The discovery of bipolar outflows from young stars or Herbig-Haro objects in the late 1970s and early 1980s were revealed to be jets of ionized gas that emanate from young “exciting” stars surrounded by circumstellar accretion disks. These Herbig-Haro objects exhibit spectroscopic emission lines that are characteristic of highly ionized gas that has been shocked upon interaction with the surrounding interstellar medium as it is moving at supersonic velocities of 100 km/s (60 mi/s) to more than 1000 km/s (600 mi/s).
More recently it was discovered that there appear to be two vast structures, stretching to the north and to the south of the centre of the Milky Way, that are so big that a beam of light, travelling at 186,282 miles per second, would take 50,000 years to get from the edge of one to the edge of the other. The previously unseen bubbles were discovered by astronomer Doug Finkbeiner, of the Harvard-Smithsonian Center for Astrophysics in Cambridge, Massachusetts, using NASA's Fermi Gamma-Ray Telescope. He admitted: "We don't fully understand their nature or origin." They are thought to be millions of years old and were not noticed before because they were lost in a fog of gamma radiation across the sky.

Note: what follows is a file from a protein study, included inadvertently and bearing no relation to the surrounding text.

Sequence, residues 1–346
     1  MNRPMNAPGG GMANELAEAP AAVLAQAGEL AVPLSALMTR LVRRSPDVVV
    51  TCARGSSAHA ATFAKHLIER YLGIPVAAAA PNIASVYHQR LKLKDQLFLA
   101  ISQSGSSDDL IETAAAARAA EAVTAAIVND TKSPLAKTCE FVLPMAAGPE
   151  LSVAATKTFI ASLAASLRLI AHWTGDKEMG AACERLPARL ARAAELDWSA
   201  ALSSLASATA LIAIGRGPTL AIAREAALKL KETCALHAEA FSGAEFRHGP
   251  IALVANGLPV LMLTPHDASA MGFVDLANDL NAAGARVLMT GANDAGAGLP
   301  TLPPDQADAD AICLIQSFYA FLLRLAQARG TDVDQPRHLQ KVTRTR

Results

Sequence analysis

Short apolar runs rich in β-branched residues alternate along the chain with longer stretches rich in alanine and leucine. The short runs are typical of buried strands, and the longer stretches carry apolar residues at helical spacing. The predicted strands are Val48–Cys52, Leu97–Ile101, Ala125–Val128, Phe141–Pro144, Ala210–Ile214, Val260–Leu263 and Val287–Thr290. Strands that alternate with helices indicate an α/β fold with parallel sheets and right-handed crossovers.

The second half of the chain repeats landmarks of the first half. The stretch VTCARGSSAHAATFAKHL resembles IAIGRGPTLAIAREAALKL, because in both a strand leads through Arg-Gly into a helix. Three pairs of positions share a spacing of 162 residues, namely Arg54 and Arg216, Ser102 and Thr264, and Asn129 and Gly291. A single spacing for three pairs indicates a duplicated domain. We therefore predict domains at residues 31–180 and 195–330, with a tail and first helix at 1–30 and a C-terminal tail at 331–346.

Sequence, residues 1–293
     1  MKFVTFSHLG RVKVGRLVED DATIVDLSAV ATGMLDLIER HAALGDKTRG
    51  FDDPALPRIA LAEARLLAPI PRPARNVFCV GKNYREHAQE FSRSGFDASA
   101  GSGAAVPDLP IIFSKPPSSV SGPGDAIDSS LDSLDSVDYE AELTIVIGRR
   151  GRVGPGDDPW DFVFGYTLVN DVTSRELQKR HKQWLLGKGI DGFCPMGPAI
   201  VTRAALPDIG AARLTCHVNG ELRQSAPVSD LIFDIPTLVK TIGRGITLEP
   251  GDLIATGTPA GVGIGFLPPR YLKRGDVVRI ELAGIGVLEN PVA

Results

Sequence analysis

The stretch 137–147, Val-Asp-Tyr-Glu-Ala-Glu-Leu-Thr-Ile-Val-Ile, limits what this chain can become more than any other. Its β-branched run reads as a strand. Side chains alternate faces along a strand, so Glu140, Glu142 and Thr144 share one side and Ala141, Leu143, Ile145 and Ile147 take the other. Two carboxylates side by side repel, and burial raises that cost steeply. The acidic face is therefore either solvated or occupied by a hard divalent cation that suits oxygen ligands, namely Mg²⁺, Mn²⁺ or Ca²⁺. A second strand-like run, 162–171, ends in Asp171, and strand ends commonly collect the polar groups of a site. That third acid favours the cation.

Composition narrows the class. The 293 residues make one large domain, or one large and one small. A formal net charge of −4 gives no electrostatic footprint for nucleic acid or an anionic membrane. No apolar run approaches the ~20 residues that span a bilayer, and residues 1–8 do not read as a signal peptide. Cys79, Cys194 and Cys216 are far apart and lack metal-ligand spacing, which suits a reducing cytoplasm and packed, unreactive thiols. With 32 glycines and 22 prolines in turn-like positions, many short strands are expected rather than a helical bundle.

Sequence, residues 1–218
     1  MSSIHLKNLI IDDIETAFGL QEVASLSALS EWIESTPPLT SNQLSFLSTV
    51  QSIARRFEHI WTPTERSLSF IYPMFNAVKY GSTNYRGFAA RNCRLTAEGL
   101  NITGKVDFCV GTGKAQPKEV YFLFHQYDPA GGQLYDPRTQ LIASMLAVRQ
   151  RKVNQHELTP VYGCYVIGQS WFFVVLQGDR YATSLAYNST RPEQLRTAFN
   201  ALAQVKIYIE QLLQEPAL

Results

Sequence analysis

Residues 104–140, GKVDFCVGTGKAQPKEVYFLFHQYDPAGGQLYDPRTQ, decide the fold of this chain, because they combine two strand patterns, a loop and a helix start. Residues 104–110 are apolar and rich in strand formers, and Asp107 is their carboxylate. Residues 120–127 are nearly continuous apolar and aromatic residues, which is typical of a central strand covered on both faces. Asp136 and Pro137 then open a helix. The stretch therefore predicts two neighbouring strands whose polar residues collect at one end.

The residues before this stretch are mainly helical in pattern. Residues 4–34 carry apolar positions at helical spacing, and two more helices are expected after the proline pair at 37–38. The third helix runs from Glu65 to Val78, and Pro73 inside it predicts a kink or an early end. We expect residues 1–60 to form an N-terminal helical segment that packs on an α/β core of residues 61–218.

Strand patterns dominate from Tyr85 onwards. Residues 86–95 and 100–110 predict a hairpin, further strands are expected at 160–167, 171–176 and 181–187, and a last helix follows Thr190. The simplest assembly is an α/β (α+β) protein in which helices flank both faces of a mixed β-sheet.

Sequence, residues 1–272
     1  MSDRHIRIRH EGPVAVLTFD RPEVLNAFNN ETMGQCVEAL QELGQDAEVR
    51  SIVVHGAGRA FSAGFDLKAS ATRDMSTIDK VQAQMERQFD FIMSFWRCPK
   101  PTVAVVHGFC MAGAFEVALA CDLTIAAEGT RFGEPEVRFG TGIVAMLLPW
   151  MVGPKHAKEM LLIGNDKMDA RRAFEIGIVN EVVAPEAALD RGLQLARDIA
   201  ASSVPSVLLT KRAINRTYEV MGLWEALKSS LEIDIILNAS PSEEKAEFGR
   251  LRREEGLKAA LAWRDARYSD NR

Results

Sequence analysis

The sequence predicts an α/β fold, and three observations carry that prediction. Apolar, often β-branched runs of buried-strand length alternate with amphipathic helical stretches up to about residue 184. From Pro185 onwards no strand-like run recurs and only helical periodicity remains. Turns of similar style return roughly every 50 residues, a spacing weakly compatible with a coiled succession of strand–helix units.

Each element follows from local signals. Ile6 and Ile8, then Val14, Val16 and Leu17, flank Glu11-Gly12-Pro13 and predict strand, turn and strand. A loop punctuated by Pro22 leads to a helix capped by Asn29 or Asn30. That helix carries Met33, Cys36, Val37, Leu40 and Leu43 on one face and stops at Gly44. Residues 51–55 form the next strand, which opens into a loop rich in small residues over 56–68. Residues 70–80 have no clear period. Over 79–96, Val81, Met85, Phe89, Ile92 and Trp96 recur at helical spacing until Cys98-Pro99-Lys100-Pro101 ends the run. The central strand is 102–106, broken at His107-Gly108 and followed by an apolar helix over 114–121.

supersized black hole at the centre of our galaxy. Scientist David Spergel, of Princeton University, New Jersey, said: "In other galaxies, we see that starbursts can drive enormous gas outflows. Whatever the energy source behind these huge bubbles may be, it is connected to many deep questions in astrophysics."
The interesting part is that there seems to be a pattern between spinning systems and the outflow of matter along the axis of rotation. The cleft ion fountains are also ionized jets of particles that flow outward from the earth's poles to fill the earth's magnetosphere with ions and generate the auroral displays we often attribute to the solar wind. There appears to be a symmetry involved here which baffles most scientists. Perhaps there is something going on which the conventional models of physics cannot explain, in which case, is it possible that the more 'unconventional' models have something to offer?